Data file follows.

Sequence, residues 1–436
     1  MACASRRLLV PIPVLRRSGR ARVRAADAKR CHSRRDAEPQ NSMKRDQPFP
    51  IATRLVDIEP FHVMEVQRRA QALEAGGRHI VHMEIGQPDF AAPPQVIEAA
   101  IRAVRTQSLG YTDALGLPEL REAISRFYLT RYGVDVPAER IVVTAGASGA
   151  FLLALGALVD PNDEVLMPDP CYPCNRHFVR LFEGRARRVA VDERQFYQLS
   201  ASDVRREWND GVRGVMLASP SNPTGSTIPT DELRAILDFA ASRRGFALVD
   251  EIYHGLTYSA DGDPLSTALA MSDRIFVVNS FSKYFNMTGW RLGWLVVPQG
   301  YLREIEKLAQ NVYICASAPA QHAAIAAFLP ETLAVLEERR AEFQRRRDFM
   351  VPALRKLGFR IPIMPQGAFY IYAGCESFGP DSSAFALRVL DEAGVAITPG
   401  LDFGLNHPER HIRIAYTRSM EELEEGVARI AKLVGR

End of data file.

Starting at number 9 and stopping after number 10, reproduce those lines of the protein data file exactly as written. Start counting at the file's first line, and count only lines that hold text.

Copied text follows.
   351  VPALRKLGFR IPIMPQGAFY IYAGCESFGP DSSAFALRVL DEAGVAITPG
   401  LDFGLNHPER HIRIAYTRSM EELEEGVARI AKLVGR